• Immigrants awaiting inspection in front of Ellis Island's Main Building

    Ellis Island

    Part of Statue of Liberty National Monument NJ,NY

Clerk

21654 Clerks
Clerks and interpreters who worked on Ellis Island c. 1933.
National Park Service, Statue of Liberty NM
 

Given the enormous amount of paperwork that needed to be done at Ellis Island, it comes as no surprise that dozens and dozens of clerks and stenographers were employed there. The clerks - both male and female - kept a running tabulation of the number of immigrants flowing to the island for inspection each day, the disposal of their cases and their subsequent departures. Clerks stored away the steamship passenger manifests, completed detention and deportation cards, wrote reports and dossiers, and filed away and retrieved warrant case records. Meanwhile, the island's stenographers - each of them an expert in writing shorthand script and using the typewriter - were essential participants during immigration hearings of the various boards of special inquiry.

 
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Augustus Sherman, Chief Clerk of Ellis Island

National Park Service, Statue of Liberty NM

Augustus F. Sherman (1865-1925) Chief Clerk

Known for the striking photographs he took of detained immigrants, the talented amateur photographer Augustus Sherman also occupied the highly responsible post of chief clerk of Ellis Island. A native of northeastern Pennsylvania, Augustus joined his elder brother in New York City in 1889. By the 1890s, the brothers were both working as clerks at Ellis Island. After his brother quit to become a lawyer, Augustus climbed up the clerical ranks at the station, eventually becoming chief clerk.

Among Sherman's duties, was the handling of appeals to the Ellis Island Commissioner of Immigration made by immigrants that had been barred from entering the country by one of the boards of Special Inquiry. These boards heard the cases of detained immigrants and rendered a decision about the immigrants' right to enter the United States.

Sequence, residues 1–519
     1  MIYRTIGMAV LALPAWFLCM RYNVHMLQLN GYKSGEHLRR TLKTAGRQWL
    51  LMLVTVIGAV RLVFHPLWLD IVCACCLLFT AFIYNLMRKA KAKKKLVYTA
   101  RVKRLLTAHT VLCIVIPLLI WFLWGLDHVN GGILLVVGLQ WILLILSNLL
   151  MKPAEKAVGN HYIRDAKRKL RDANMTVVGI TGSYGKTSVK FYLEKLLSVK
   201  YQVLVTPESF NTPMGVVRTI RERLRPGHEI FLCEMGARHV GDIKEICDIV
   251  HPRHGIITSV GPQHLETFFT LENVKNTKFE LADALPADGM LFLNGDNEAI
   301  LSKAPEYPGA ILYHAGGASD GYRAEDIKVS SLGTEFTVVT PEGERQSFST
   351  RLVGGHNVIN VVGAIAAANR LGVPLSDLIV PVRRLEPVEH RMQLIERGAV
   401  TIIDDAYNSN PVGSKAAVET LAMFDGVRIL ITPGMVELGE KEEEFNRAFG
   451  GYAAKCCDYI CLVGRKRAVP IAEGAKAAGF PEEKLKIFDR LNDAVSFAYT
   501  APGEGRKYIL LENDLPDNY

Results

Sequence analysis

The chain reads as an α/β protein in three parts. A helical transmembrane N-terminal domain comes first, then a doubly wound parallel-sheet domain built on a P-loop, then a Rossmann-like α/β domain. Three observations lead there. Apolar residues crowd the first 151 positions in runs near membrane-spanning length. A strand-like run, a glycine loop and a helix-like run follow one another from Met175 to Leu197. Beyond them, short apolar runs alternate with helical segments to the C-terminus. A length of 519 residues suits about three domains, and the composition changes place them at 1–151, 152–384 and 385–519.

Because of his involvement in this process, Sherman was able to photograph any willing detainee. This, as well as his technical perfectionism, made Sherman quite selective in choosing his subjects. Often, Sherman asked the immigrants to pose in their native costumes. Although his bureaucratic career is largely forgotten, Sherman's legacy comes to us through the body of photographic work he left behind. Through the cold lens of the camera, his artistic eye and deft hands presesrved a world of elaborately costumed immigrants that otherwise might have been lost.

 
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An English Jewish family, a mother and her 6 children, photographed outside a building on Ellis Island, c. 1910.
National Park Service, Statue of Liberty NM
 
Wilhelm Schleich, a Bavarian Miner, photographed outside of the Main Immigration Building c. 1892-1927.

Wilhelm Schleich, a Bavarian Miner, photographed outside of the Main Immigration Building c. 1920.
National Park Service, Statue of Liberty NM

A Cantonese woman photographed outside the Main Immigration Building c. 1892-1927.

An Asian woman photographed outside the Main Immigration Building c. 1920
National Park Service, Statue of Liberty NM

 
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A woman from Guadaloupe, French West Indies, 1911. 
National Park Service, Statue of Liberty NM

Did You Know?

Notable Ellis Island Immigrants

During the island's 62 years of operation, over 12 million immigrants were processed at Ellis Island, including quite a few who went on to become famous such as: Frank Capra, Bela Lugosi, Baron Von Trapp, Irving Berlin, Max Factor, Claudette Colbert, Rudolph Valentino, Igor Sikorsky and Bob Hope.